| Path Type: Track
The telescope observes one point in the sky. Note the "camera" has only one pixel, so this does not give you an image.
- Track scans are good for observing spectra in high-resolution mode, and for pulsar observing.
- Set the duration in seconds : 60 seconds is good for Galactic hydrogen and strong pulsars.
- Integration time: For spectra, set this to 1 second
- Integration time for pulsar observing : set to 1/20 of the pulsar period or less : 0.01 to 0.0002 seconds is an acceptable range.
- Repeat: the track scan will be repeated this number of additional times. For example if the repeat is 2, then it will do 3 track scans, each of the specified duration, in a row. This is pretty much a useless option because 3 scans of 60 seconds each does exactly the same thing as one scan of 180 seconds.
| Path Type: On/Off
Observe the object and a reference position some distance away. If doing continuum observations, this is good for measuring the strength (or flux density) of an object. For spectral line observations, it is good for observing fainter objects such as nearby galaxies.
- Duration: time in seconds for each phase. 30 to 60 seconds is usually good for most cases. For observing hydrogen in nearby galaxies, 200 to 300 seconds is a good choice.
- Offset : set this to a few beamwidths, so that the "off" or "reference" position is well separated from the "On" or "Source" position. 3 - 4 degrees is usually a good choice.
- Repeat: repeat the whole scan this many times.
- Note that the total time this procedure will take is the Duration x 2 x (#Repeats + 1)
i.e., if Duration=60 seconds and repeats=2, then it will take 120x3 (=360 ) seconds.
| Path Type: Daisy
Use this in the wide-band continuum observing mode.
The daisy map traces a flower-petal pattern. It is good for measuring the strength of a source, and checking if the sky coordinates are correct. One might use a daisy scan to do a preliminary look at an object and then follow up with a raster map.
- Radius (in arcseconds): 90 to 120 arcminutes (i.e, 2-3 beamwidths) are usually good choices.
- Number of petals : use 4 for a quick look; 8-12 for a more complete map.
- Integration Time : 0.2 or 0.3 seconds are usually good for this.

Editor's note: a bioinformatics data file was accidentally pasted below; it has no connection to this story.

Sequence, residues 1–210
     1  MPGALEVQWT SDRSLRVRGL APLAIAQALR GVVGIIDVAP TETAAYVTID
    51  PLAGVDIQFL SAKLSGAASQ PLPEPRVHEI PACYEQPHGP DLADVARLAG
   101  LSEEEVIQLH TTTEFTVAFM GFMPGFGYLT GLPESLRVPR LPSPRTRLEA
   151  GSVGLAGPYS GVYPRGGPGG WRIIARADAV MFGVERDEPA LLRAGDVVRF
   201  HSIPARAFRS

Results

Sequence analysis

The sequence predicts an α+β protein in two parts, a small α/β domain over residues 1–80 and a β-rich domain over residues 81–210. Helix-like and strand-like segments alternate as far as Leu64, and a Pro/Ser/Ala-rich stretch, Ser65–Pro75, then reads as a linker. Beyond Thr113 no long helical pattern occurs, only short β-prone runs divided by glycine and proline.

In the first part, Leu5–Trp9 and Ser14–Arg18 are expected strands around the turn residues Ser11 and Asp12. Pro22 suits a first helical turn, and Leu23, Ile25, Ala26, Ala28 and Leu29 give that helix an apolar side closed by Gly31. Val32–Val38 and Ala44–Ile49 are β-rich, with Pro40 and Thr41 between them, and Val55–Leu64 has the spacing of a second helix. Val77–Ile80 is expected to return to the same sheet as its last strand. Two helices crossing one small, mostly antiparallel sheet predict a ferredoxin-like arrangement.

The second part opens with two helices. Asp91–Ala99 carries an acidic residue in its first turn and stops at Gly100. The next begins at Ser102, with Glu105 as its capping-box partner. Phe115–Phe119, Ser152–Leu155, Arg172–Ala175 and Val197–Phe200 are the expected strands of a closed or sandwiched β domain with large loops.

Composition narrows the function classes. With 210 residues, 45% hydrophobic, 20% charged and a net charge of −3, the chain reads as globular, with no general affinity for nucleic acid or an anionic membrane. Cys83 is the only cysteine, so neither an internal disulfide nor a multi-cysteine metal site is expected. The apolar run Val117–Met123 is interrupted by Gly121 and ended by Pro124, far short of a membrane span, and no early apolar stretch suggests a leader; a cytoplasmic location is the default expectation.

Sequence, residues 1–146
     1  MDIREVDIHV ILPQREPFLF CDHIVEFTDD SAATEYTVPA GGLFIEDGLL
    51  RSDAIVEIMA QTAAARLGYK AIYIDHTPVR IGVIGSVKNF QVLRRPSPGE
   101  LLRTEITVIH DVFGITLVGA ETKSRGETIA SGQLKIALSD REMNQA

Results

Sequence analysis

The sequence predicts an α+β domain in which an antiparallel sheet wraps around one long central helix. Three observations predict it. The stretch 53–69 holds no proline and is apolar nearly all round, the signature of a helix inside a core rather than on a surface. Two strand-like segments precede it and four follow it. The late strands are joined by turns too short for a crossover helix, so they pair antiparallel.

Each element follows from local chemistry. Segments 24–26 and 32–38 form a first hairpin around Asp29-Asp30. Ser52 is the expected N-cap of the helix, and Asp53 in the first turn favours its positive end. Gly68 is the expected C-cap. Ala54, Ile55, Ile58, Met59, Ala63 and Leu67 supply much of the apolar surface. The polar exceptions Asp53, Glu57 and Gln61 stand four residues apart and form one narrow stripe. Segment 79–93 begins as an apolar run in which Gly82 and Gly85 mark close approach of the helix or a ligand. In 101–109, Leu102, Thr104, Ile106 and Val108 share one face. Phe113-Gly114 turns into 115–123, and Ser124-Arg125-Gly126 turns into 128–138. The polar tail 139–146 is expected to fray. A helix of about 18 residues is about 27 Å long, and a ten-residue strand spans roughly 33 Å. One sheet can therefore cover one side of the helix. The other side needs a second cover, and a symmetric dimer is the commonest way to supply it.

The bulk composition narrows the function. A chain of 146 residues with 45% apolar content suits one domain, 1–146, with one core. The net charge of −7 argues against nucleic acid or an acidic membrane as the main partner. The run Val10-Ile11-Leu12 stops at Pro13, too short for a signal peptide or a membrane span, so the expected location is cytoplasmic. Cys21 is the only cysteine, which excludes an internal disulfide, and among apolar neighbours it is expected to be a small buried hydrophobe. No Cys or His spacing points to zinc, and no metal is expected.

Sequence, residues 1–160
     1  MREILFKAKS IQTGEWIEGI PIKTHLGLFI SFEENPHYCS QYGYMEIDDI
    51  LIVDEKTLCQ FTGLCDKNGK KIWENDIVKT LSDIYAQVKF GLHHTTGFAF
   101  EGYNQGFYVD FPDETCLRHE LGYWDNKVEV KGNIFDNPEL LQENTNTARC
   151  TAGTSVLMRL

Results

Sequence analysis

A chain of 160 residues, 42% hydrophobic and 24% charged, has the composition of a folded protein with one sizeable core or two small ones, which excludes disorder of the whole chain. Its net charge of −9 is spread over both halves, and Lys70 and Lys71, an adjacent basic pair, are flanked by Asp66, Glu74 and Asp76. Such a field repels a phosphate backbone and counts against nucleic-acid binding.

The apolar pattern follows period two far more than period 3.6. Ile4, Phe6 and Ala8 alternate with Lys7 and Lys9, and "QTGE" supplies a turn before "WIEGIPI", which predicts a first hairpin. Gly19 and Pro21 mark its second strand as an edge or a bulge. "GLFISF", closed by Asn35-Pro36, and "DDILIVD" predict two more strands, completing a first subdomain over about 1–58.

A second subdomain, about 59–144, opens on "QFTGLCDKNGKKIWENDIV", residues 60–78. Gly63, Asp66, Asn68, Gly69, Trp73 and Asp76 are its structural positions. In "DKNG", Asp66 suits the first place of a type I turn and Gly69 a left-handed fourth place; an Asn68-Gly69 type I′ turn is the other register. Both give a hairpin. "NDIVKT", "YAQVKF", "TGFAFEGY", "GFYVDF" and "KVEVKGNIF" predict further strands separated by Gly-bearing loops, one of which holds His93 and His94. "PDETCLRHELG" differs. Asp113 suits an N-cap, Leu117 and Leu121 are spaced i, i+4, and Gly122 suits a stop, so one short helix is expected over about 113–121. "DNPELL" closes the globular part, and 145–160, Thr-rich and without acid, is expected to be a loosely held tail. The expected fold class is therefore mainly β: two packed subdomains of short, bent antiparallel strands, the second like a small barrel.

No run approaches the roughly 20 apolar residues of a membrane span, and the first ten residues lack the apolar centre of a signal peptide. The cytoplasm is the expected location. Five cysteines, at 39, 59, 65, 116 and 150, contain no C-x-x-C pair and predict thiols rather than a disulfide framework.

- Duration : 180 seconds for 4 petals and radius up to 180 arcmins; 360 seconds for 8 petals; for other choices see: Mapping/Imaging Advice
| Path Type: Map
The telescope is scanned back and forth to record an image. Use this for wide-band continuum observations.
- Map size may be specified in terms of "Beam Widths" or "Degrees".
- To make a map with enough pixels to distinguish the source from the background, the size should be at least 6x6 beamwidths.
- If you specify the map size in degrees, it will show what that corresponds to in terms of beam widths, and vice versa.
- The scanning direction may be either "RA|Lng|Az" or "Dec|Lat|El". The coordinates that it sweeps along depend on the coordinate system that you chose back in the first screen. If the coordinate type was "RA/DEC" then the sweeps will be along either the RA direction or the DEC direction depending an whether you choose "RA|Lng|Az" or "Dec|Lat|El". It sweeps in the chosen direction, steps in the other direction, then does another sweep, and repeats until the area specified by the map size has been covered.
- Gap between sweeps: use 1/4 or 1/3 beam width for quick or large-scale maps. Use 1/5 or 1/10 for denser and more detailed maps.
- Gap along sweep : if the check mark is there, then the spacing between samples along the sweep will be the same as the gap between sweeps. If the box is checked, the remainder of the options, including those under "Map Depth" will be automatically set to reasonable values and you will get adequate maps. If you uncheck this box, then you can set the gap along sweep to something other than the standard value.
- Map Depth: the system will fill in the right integration time and slew speed. If you want better sensitivity, you can increase the integration time, but do not increase it to more than 2 seconds.
- At the bottom of the page, note the number of sweeps, the sweep duration, and the total duration of the map. Generally you are discouraged from making maps that take more than 30 minutes or so to complete. If you want to map a very big area, it is more efficient to make several smaller maps.
- For some examples, see Mapping/Imaging Advice
- After you click the "Save and Continue" button, it shows a summary of all the inputs; click "Submit" to run the observation.
What to do after your observation is finished?? consult: Where's my data?